If anything will be their undoing, it is mistrust and throwing around loose words through the newspapers.
It was the trademark of the Showtime game and what really brought them onto the national stage, making them the hottest ticket in town. Showtime was fast-break basketball at it's finest, and with the team they had to run it, it's hard to say it's been done any better since then.
The 80s Lakers were constantly near the top of the league in points per game, finishing no worse than fifth in points per game in any season, consistently averaging over 110 points per game. Of course, it was a different era when points were easier to come by and defenses were more restricted in terms of playing the zone, but what they did is no less impressive.
The current Lakers are definitely a different makeup than the then-Showtime boys, but the style of play is still possible. Their point guard isn't a young buck, but he's capable of amazing passes and running all game long; their center isn't an offensive mastermind, but he can use his physicality to get to the hole; and we haven't even mentioned the low-post mastermind of Pau Gasol and the one-on-one prowess of Kobe Bryant.
Los Angeles is capable of running a beautiful fast-break game, albeit less often than the Showtime boys did it if age proves to slow them down.
During their run together, the Showtime Lakers never put on a two-man show with just Magic and Kareem. Jamaal Wilkes, Norm Nixon, Spencer Haywood, Michael Cooper, Jim Chones, James Worthy, Kurt Rambis, Bob McAdoo, Byron Scott, Maurice Lucas, A.C. Green and Mychal Thompson all made a name for themselves alongside Kareem and Magic, and countless others contributed to the greater good.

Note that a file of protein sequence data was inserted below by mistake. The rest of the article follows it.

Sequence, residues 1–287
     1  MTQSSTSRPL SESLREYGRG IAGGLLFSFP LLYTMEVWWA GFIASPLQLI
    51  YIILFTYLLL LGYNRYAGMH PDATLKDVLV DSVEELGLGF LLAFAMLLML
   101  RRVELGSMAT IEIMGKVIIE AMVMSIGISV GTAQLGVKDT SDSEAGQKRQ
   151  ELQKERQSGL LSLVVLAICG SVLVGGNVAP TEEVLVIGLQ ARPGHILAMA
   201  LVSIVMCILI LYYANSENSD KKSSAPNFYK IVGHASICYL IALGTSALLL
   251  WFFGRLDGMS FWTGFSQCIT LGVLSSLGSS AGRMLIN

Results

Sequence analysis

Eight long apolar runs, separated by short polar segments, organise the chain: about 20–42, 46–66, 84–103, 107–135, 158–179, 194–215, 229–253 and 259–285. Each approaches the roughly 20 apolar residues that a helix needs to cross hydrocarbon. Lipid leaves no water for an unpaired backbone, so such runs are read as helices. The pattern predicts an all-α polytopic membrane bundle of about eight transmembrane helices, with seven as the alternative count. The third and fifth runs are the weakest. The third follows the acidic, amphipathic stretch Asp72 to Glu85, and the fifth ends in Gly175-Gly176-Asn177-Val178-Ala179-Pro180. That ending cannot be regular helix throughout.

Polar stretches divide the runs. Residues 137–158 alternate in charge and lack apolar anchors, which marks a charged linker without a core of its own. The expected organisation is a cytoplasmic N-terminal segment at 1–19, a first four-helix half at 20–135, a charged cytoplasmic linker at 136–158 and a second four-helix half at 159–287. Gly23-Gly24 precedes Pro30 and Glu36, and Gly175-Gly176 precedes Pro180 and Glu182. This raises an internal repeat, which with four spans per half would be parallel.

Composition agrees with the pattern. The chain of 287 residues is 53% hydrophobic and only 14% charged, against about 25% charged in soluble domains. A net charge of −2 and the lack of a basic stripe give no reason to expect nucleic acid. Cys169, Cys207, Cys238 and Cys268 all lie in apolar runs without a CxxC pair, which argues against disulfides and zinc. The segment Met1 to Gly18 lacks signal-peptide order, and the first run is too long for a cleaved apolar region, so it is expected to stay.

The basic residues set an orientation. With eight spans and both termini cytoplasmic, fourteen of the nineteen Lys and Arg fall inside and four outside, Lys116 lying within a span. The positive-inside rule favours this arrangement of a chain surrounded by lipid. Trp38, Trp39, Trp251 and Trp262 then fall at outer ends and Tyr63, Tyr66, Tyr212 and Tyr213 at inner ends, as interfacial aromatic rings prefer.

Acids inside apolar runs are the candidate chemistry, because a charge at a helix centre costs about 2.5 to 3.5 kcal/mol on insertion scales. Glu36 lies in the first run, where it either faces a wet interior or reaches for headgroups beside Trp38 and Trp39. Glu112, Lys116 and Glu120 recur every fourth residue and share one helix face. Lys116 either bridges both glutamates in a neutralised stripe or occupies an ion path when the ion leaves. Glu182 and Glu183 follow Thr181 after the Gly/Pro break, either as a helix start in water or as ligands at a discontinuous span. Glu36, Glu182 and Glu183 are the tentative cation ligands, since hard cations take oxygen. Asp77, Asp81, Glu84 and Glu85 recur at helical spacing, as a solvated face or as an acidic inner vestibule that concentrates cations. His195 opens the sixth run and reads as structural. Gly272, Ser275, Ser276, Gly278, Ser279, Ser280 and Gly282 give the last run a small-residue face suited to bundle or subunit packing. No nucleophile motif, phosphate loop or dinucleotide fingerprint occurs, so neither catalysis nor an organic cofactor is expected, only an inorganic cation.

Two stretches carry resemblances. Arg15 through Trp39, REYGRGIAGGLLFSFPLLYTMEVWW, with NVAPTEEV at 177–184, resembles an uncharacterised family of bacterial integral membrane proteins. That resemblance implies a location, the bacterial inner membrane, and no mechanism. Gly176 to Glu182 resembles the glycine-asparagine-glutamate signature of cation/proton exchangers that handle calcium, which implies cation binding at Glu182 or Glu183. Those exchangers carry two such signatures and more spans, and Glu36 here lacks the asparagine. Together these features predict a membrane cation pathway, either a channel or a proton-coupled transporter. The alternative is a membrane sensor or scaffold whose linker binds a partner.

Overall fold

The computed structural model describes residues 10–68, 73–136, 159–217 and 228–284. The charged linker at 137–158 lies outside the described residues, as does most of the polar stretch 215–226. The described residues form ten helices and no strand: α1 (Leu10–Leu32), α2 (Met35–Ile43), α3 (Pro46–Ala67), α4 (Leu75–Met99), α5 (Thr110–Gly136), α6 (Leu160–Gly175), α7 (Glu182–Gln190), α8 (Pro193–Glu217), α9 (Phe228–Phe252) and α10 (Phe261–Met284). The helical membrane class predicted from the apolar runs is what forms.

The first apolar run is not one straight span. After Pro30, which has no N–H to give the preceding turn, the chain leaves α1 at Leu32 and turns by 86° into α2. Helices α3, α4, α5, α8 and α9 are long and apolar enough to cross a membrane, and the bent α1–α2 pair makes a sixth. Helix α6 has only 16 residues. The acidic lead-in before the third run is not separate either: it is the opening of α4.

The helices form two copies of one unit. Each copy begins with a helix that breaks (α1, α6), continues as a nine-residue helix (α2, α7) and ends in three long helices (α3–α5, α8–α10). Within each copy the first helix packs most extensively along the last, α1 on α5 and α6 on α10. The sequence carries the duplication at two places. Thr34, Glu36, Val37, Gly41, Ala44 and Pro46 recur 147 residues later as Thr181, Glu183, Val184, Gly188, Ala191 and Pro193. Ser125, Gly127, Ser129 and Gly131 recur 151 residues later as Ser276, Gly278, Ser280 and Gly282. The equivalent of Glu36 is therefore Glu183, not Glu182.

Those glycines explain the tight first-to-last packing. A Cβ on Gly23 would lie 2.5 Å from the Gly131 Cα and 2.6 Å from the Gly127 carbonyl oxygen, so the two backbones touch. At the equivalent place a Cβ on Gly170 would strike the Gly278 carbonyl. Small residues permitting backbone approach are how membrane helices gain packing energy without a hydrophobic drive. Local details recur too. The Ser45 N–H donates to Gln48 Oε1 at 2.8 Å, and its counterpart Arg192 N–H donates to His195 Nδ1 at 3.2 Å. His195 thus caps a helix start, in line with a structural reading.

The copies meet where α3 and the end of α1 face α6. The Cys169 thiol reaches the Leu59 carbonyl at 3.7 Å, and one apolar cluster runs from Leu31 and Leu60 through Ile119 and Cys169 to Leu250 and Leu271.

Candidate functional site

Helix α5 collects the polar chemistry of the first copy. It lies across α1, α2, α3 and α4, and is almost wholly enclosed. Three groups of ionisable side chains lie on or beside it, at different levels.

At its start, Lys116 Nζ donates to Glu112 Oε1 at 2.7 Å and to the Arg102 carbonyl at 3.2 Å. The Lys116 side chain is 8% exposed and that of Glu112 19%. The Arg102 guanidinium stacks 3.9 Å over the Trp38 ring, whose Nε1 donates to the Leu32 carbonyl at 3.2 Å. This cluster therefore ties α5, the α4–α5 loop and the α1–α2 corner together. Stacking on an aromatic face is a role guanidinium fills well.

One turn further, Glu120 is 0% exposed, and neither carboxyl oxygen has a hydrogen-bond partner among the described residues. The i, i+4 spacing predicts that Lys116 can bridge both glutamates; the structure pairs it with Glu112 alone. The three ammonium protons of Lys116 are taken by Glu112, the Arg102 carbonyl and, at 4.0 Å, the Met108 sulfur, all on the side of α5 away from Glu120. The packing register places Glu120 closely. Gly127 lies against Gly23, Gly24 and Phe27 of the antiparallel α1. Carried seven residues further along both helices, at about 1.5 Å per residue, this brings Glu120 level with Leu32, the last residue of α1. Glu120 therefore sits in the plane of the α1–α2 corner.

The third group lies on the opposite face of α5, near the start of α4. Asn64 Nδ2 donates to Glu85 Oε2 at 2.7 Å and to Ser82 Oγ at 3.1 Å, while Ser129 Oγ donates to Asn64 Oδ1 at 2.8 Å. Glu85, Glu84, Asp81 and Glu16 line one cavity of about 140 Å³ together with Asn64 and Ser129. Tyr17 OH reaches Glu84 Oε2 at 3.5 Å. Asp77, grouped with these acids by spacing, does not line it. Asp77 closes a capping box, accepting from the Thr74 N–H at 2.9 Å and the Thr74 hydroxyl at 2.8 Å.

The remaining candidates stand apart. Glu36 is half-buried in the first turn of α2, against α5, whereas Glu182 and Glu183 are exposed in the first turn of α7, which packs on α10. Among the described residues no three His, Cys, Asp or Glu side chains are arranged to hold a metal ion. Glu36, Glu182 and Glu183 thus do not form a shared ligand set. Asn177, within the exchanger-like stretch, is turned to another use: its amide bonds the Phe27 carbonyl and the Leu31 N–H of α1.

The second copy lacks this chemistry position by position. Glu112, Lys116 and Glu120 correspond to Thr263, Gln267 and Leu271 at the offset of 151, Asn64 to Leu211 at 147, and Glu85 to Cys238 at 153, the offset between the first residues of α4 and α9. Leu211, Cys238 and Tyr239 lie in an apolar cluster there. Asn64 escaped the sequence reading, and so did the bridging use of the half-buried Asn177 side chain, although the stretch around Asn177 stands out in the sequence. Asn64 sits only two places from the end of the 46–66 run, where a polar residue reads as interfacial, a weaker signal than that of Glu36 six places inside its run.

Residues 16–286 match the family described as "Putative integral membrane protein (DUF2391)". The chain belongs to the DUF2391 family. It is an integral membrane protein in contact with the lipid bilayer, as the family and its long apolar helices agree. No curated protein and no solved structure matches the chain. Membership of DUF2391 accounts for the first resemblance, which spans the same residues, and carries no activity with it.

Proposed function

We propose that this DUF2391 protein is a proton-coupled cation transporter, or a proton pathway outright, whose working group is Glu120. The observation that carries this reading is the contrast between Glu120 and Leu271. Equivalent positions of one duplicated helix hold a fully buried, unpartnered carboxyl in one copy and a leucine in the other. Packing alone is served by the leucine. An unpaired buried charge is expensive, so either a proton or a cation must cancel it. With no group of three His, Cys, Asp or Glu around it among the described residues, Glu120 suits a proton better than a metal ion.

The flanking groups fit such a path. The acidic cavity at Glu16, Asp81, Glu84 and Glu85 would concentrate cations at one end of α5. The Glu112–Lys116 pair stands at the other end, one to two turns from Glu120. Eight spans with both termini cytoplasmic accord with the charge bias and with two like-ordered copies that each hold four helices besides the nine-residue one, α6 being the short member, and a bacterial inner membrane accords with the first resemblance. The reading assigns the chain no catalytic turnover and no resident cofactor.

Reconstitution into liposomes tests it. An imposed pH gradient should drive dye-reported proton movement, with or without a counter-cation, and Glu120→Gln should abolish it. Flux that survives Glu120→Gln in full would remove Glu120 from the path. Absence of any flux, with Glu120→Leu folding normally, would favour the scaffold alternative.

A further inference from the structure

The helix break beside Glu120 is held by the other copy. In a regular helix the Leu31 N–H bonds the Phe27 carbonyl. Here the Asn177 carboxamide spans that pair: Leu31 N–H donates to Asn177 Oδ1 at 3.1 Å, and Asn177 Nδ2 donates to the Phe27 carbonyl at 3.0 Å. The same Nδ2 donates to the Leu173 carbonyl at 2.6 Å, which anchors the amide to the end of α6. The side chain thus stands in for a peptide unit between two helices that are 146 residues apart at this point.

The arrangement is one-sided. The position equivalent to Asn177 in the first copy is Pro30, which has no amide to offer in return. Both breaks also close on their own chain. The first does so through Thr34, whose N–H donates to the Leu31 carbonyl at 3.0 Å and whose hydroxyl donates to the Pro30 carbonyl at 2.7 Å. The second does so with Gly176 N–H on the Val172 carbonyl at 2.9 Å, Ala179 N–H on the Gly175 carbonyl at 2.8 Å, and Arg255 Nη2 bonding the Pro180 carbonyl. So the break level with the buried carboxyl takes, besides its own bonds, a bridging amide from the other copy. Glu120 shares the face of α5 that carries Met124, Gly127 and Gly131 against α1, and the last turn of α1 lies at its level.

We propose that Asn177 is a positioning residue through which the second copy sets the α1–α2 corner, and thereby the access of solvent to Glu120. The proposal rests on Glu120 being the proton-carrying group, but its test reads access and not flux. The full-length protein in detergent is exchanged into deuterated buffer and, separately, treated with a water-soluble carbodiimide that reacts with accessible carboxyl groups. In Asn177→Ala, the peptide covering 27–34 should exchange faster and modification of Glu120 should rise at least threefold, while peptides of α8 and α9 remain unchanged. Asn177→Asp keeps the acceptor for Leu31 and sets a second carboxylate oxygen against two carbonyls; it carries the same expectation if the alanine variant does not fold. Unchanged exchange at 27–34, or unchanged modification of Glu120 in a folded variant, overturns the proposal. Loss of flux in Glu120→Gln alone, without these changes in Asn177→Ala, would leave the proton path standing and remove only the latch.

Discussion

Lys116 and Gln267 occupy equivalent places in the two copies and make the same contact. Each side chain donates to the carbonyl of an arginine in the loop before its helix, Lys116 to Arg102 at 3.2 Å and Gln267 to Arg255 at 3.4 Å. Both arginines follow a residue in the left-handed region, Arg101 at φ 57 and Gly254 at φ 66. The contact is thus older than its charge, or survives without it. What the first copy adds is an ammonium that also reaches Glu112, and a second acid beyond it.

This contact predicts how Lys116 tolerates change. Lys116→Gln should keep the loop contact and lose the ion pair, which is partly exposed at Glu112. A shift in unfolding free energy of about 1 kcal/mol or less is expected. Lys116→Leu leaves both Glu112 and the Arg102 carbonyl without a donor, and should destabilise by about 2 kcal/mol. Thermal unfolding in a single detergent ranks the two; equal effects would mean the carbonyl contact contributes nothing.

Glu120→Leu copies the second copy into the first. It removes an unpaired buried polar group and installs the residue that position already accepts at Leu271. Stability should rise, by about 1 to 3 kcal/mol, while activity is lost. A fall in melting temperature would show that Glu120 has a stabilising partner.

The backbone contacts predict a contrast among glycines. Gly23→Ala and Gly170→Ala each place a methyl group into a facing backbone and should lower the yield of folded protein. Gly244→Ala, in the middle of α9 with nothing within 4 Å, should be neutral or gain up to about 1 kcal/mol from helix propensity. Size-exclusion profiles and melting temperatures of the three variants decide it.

Even further, in the five titles they won, the Lakers touted three different Finals MVP winners, including a span of four seasons when Kareem, Magic and Worthy each took one home.
The point is, there doesn't need to be a structure to this Lakers team in terms of who should shoot a certain number of times and who should get a certain number of minutes. Nail down a rotation, see who fits best and ride the hot hand when the hot hand deserves to be ridden.
There are no glory hogs when there's an overabundance of glory to go around.
Showtime was always an offensive juggernaut, and really it's what made them what they were. They had their seasons when they were effective defensively, but they were rarely monsters when it came to keeping other teams from scoring.
Instead they were happy to spend games outscoring their opponents, rather than keeping guys from outscoring them.
While they didn't keep in the top half of the league defensively until about 1985, they were always able to create turnovers via the blocked shot or a steal, which was really what made their defense effective, as it fed their fast-break offense.
Where the current Lakers stand, they're looking at having a pretty good defensive team with Kobe Bryant and Metta World Peace still holding some prowess around the perimeter and Dwight Howard holding it down in the middle, but if their offense runs well enough, it will give them an opening to gamble on defensively to potentially further feed their offense.
One of the few real problems the Showtime Lakers had going against them early on was getting used to Magic Johnson's flashy style of running the point. Turnovers were at a peak in Magic's first season with the Lakers and it led to them giving the ball up nearly 200 times more than they took it away.
Of course, they still won 60 games that year and dominated the league, but it was a problem nonetheless. Once they got used to Magic's no-lookers and behind-the-back dimes, all was well and Showtime was running with gusto.